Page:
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Voice-activated home assistants are all the rage. A number of players such as Amazon and Google already have a dedicated device on the market. Other players such as Apple and Samsung have implemented voice interfaces into smartphones and smart TVs which can then be used to interact with and control other devices. Facebook is one of the large online players yet to launch such an initiative (at least for the home). However, its CEO, Mark Zuckerberg, spent last year working on a personal project to create a home AI assistant, releasing a video in December that showed the fruits of his labor. The video attracted significant press coverage and speculation about how long it will be before Facebook does something official in the home assistant space and what impact such a move will have.


Facebook must create a home assistant that is superior to any other on the market

AI-enabled home assistants have the potential to become the main interface in the home and in doing so become a goldmine for data that can enable a personal level of service for each individual living in the home. Facebook would be at a significant disadvantage if it allowed its competitors to dominate the smart home assistant space and capture this valuable consumer data – particularly because it builds its business on advertising. Facebook must now decide when and how to enter the home assistant space.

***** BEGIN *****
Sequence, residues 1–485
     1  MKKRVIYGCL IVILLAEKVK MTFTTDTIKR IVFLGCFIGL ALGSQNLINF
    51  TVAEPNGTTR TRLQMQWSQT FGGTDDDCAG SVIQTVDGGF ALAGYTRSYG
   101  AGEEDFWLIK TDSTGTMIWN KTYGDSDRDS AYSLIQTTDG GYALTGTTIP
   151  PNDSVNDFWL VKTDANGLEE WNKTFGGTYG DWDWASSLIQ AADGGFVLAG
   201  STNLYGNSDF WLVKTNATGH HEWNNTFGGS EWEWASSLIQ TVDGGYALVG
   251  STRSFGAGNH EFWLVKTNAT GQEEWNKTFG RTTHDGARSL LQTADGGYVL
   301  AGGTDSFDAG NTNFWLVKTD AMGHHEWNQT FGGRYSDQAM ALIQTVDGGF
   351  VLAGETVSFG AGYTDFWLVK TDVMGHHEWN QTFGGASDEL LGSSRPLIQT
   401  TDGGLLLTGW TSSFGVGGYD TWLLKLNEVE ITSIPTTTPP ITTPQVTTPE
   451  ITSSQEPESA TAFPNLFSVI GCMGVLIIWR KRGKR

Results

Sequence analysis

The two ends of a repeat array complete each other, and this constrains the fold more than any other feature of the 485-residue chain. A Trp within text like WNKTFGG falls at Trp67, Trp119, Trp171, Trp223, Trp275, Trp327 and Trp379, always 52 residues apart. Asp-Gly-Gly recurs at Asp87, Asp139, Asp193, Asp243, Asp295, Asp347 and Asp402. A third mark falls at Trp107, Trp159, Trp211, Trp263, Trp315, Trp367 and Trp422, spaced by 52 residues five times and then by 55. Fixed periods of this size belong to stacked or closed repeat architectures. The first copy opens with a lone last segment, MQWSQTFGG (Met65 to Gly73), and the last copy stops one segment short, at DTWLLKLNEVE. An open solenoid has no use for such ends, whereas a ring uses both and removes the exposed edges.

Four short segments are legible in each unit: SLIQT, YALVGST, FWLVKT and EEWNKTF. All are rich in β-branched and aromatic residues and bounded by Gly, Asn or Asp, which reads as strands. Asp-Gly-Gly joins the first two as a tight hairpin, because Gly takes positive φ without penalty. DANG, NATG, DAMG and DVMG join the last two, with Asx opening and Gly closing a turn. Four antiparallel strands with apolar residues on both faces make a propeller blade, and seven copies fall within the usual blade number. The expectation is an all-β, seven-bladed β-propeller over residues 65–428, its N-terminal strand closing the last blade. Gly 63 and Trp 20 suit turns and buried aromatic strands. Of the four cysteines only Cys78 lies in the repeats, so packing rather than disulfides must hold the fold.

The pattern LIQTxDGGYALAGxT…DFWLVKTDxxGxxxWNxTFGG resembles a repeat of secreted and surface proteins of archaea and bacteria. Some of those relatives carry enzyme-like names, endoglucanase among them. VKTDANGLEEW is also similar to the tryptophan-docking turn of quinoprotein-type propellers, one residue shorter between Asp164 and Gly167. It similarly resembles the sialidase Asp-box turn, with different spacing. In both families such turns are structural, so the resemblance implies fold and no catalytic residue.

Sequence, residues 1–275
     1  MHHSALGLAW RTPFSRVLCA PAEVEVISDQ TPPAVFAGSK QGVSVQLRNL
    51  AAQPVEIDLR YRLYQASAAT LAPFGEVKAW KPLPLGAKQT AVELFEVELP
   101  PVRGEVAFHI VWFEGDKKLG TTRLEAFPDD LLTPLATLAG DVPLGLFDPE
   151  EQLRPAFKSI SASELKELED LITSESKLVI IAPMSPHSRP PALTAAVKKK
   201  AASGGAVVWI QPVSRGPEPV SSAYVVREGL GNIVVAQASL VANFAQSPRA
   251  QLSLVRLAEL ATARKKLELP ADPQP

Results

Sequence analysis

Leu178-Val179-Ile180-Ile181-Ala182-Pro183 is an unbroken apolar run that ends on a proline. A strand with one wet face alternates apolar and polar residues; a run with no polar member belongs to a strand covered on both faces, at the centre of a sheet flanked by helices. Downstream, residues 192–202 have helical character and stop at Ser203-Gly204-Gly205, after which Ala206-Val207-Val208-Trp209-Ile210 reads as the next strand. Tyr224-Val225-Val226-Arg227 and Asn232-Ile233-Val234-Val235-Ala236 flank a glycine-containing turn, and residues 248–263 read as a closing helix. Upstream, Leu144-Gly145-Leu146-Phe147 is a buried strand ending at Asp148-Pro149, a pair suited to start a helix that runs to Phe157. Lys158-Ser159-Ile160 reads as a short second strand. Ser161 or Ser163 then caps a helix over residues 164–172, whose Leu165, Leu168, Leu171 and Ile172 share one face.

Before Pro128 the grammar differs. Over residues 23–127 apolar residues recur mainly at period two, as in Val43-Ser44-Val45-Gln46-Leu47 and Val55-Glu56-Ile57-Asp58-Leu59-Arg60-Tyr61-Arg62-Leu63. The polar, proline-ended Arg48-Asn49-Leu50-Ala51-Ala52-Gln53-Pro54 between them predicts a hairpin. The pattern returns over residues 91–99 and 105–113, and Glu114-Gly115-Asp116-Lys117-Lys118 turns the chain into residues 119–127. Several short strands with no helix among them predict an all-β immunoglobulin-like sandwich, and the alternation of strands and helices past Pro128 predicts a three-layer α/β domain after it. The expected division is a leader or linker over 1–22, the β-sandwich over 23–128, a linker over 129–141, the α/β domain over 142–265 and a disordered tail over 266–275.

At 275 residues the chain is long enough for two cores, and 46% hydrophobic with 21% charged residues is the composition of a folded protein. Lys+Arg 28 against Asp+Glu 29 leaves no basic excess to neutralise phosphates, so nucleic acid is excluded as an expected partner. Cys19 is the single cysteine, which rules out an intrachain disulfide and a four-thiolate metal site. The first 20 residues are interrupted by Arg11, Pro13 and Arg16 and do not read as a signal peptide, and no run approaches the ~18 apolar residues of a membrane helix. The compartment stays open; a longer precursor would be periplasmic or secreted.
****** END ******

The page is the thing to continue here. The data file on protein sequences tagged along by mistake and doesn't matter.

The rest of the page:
The great advantage that Facebook has over companies such as Google and Apple is its extensive social graph. As hard as Google and co. have tried, they have never managed to disrupt Facebook in this space. But Facebook must think carefully about how it can use its social graph to differentiate a core interface such as a home assistant, creating an assistant that is superior to any other on the market. Zuckerberg's video suggests that what he has created is already fairly sophisticated; however, the video is so heavily scripted it's hard to tell what's real.


Can Facebook ever gain enough trust?

In Ovum's Consumer Insights surveys, Facebook continually comes out as one of the least trusted of the online/CE brands when it comes to looking after personal data. Observers will rightly point out that this doesn't seem to stop people using Facebook – but this is still different to giving the company cart blanche to our homes and all we do in them.


Figure 1: Consumers' preferred OTT brands for smart living applications


As Figure 1 shows, in Ovum's Smart Living Survey, respondents named Facebook as the least likely brand they'd turn to for any type of smart living service or application other than when a brand didn't make sense for delivering that particular brand or service (e.g. Fitbit delivering a home security service). Even if Facebook has the R&D capabilities, which it no doubt has, whether it can ever become a trusted home assistant is another matter entirely.


Further reading

Smart Home Case Study: Google, TE0003-000960 (December 2016)
Smart Home Case Study: Amazon, TE0003-000936 (September 2016)
"Smart Home Summit: AI-enabled hubs point the way to the mass market," TE0004-001125 (November 2016)
"Google Assistant is really at the heart of Made by Google,"TE0004-001119 (October 2016)
"Google leads the way on AI acquisitions,"TE0004-001113 (October 2016)
"Amazon fuels the use of AI at home with the launch of Amazon Echo in Europe," TE0003-000958 (September 2016)